|--- 80000006 STANDOFF,HEX,4-40,0.5"L,ALUM
     |--- 80000007 WASHER,LOCK,#4,INTERNAL TOOTH
     |--- 90000014 CONN,BINDING POST BANANA,INSUL,GRN
     |--- 90000015 CONN,BINDING POST BANANA,INSUL,YEL
     |--- 90000016 CONN,RING,16-22AWG,#4,RED
     |--- 90000017 WIRE,STRANDED,16AWG,GREEN,POLY
     \--- 90000018 WIRE,STRANDED,16AWG,YELLOW,POLY

60000001 ASSY,FIELD SPARES,AIRCRAFT WIRELESS
|--- 90000012 EARPH,MONO,HI-Z,3.5MM Maplin LB25C
|--- 20000003 PCA,AIRCRAFT WIRELESS Trilogy-Net SCC:20000003
\--- 50000001 DOC,USER,AIRCRAFT WIRELESS

Workflows

Serialized Stock Purchased by a Customer

This workflow explores serialized stock in the context of a customer purchase. B&E Submarines desires to purchase a spare parts kit for the Aircraft Wireless unit they previously purchased. A serialized circuit board is used in the assembly of the spare parts kit (preferably a phantom-type BoM to make the parts in it visible), which is then sold and delivered to B&E.

Sometime later, Ed Bentley calls from B&E. He says he found a circuit board, but he doesn’t know if it is the circuit board from the spares kit. Ed is not sure, but he thinks the original board might have failed and he swapped it with the one from the spare parts kit. Ed wants to know if the serial number on the board is the same as the board shipped in the spare parts kit he bought.

Serialized Stock Consumed by a Project

Explore serial numbers in the context of a project. B&E Submarines plans to upgrade 5 of their submarines with Aircraft Wireless systems. A contract is negotiated between the SCC and B&E, and the SCC initiates a Project to capture all related activity (of which the physical receiver units are only one portion). Complete radio receivers PN 10000003 are manufactured, each with its own serial number, traceable to the serialized electronics circuit board within. The completed radio receivers are sold and delivered to B&E as part of the overall project.

Sometime later, Ed Bentley calls from B&E. He has a circuit board in his hand again, and wants to know where the serial number came from. Ed asks if the circuit board was from one of the 5 receivers delivered as part of the upgrade project.

Create, sell, ship, and return a field spares kit

  • Create manufacturing order
  • Issue material to order (serialized PCA)
  • Deliver order to customer
  • Return order from customer
  • Return material to stock (serialized PCA)

Related Topics

Visual display of model

  • Start Tryton client and connect to tryton database.
  • Access Administration > Models and select a model to view the schema for.
  • Select the report icon on the toolbar followed by the “Graph” action.
  • Select the number of levels to display.

Importing Maestro data into Tryton

This article is part of a series on the Tryton framework, and complements the Maestro project on GitHub. This article explores importing basic Maestro data into Tryton.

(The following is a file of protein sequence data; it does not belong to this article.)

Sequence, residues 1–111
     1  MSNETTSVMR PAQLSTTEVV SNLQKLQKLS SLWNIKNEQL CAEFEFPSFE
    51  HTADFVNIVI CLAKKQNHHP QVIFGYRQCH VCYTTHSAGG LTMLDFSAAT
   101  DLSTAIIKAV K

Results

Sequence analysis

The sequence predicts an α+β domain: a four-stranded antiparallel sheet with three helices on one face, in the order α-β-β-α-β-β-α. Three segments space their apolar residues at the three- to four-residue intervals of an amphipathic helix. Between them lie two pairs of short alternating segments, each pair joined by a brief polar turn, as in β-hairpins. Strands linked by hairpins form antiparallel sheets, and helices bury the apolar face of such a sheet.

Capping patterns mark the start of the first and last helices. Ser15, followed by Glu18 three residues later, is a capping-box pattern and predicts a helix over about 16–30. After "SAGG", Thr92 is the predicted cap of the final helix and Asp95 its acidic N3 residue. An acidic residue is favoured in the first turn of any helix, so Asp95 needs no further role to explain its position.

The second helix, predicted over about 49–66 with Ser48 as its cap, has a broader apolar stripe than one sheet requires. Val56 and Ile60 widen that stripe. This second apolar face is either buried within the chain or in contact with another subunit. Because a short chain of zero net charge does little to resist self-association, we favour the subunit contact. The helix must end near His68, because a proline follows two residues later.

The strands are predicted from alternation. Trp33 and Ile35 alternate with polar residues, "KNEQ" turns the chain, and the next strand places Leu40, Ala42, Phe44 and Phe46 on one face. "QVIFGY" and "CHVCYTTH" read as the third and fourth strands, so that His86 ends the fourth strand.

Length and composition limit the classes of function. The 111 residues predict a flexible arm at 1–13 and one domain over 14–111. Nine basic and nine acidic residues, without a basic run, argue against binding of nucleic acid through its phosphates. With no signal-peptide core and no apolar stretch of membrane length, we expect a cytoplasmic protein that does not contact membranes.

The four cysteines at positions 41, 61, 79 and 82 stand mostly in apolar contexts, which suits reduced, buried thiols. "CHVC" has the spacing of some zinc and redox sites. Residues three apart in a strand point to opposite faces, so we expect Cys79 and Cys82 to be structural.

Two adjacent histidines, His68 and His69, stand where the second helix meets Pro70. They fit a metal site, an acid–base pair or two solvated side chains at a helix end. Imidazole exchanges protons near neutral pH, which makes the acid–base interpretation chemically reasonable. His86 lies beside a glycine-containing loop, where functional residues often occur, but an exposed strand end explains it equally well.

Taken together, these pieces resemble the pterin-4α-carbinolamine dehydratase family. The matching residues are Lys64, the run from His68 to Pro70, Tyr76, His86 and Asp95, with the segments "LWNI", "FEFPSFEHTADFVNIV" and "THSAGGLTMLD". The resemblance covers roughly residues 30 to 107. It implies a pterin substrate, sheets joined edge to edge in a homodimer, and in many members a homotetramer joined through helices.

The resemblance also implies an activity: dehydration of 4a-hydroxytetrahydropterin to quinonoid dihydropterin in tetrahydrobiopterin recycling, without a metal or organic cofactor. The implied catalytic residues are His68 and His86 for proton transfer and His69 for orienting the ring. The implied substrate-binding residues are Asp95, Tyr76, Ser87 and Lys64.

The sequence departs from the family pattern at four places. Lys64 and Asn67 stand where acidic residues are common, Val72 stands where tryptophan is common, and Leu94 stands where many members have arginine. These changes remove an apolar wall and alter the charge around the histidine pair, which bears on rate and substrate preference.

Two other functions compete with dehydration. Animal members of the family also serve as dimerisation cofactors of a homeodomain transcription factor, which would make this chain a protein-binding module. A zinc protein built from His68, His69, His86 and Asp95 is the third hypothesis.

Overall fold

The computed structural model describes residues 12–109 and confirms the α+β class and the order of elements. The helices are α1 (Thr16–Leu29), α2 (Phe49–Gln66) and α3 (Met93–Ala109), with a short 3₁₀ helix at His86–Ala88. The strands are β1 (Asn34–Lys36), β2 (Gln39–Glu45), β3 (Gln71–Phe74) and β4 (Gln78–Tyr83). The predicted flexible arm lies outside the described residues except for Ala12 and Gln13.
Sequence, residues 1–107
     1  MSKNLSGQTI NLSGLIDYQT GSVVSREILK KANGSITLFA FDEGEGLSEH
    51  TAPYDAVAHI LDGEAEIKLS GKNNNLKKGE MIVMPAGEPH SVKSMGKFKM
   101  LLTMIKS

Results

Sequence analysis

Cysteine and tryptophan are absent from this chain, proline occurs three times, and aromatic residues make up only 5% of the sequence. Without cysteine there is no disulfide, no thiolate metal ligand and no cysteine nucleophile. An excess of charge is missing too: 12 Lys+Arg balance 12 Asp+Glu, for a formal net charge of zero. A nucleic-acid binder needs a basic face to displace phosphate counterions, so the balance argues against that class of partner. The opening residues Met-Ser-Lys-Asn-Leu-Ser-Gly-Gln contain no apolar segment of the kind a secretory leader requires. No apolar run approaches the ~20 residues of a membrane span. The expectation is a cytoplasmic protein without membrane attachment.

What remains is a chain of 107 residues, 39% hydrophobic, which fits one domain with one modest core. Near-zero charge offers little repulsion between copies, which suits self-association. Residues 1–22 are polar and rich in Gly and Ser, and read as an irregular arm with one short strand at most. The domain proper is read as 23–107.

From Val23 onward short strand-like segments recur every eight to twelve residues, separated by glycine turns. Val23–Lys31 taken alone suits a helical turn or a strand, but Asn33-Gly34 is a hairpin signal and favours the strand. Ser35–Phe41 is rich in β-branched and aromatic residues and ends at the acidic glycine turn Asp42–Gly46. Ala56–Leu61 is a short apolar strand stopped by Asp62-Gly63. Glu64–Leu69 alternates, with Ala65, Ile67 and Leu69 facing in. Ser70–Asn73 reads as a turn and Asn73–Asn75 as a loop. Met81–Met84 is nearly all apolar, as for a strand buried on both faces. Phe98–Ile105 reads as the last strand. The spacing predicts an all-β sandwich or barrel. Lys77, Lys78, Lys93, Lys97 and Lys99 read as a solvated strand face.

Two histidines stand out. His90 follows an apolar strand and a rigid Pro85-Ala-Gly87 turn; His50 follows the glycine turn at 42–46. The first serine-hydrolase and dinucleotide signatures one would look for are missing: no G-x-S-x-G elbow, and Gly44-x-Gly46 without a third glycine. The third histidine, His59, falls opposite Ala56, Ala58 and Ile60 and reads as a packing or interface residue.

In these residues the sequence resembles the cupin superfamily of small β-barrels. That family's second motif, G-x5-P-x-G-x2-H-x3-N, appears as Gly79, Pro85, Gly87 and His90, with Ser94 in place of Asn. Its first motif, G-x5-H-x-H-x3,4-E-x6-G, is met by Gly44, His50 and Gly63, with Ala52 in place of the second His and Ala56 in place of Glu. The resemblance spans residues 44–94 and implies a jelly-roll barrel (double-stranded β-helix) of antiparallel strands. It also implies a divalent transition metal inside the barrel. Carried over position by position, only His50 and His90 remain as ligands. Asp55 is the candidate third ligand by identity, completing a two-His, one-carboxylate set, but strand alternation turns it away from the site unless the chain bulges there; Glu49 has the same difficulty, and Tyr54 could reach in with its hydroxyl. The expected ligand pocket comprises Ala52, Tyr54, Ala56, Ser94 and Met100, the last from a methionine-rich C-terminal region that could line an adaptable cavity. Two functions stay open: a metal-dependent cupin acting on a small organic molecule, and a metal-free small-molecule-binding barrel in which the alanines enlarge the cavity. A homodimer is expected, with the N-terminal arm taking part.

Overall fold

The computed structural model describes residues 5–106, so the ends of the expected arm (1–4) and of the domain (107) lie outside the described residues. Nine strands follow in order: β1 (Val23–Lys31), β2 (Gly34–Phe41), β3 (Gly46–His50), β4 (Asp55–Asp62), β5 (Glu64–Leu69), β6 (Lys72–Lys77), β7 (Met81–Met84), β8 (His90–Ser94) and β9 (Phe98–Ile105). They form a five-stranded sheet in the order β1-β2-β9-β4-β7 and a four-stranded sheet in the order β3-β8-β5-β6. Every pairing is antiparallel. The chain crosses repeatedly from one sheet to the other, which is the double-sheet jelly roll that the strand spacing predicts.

This article is a work in process. The built-in csv import capability in Tryton can be used to import basic data such as users (see the Maestro project), but more complex importing (e.g. product attributes, Bills-of-Materials) must be done by coding using the Proteus library.

Load Users

To be completed – see Maestro project

Load Units of Measure

To be completed – see Maestro project

Load Suppliers

To be completed – currently loading individual suppliers manually.

Load Customers

To be completed – currently loading individual customers manually.

Load Products

To be completed – see Maestro project

Load Projects

To be completed.

Load Serialized Stock

To be completed.

The Tryton Framework

As I was working on implementing the Maestro project in OpenERP v7, I came across a fundamental problem (for me) with product serialization. The out-of-box experience in OpenERP for managing serialized goods does not provide a consistent flow for receipt of serializing goods from a vendor or internal production, to the issue of serialized goods to a customer, and then the return serialized goods from the customer if necessary. It’s not that OpenERP isn’t technically capable, but the required software development is beyond the scope of the Maestro project.

However, the solution may lie in a close cousin to OpenERP – the Tryton framework. From tryton.org,

(Tryton) Is a three-tiers high-level general purpose application platform under the license GPL-3 written in Python and using PostgreSQL as database engine.

It is the core base of a complete business solution providing modularity, scalability and security.

The Tryton framework was created by forking OpenERP v4.1 (when it was called TinyERP). The fork included both the server daemon and the desktop client. While OpenERP is concerned with being a superior ERP-like application, Tryton strives to be a superior framework for building ERP-like applications. The desktop client can be used by end-users, and is certainly up to the task, but some situations may find a simplified user interface more suitable (possibly web-type), tailored specifically to the end-user’s needs.

The Tryton framework and desktop client are licensed under the GPL v3. Although the GPL may not be considered as business-friendly as the BSD, MIT or Apache-style permissive licenses, it is far friendlier than the AGPL – which is the license used by OpenERP after v4.1.

I’ve collected my my notes on Tryton in the Maestro project repo.

Serialized workflow in OpenERP

I apologize if you are hoping for all the answers, but maybe you’ll find one or two. I’m just a guy trying to model enterprise workflows using OpenERP. If you’re feeling generous, please share your thoughts, or maybe download the SCC database, get something working and share how.

I envision a whole library of worked examples for newb like me, showing how various workflows can be implemented in OpenERP, a set of worked “happy paths,” or an “OpenERP Workflow Recipes for Dummies” if you will. I’ve started a project on GitHub with the source PLM data (csv files containing hierarchical product structure with suppliers), where the recipes and related data could also be hosted. Does something like this already exist, maybe on LaunchPad?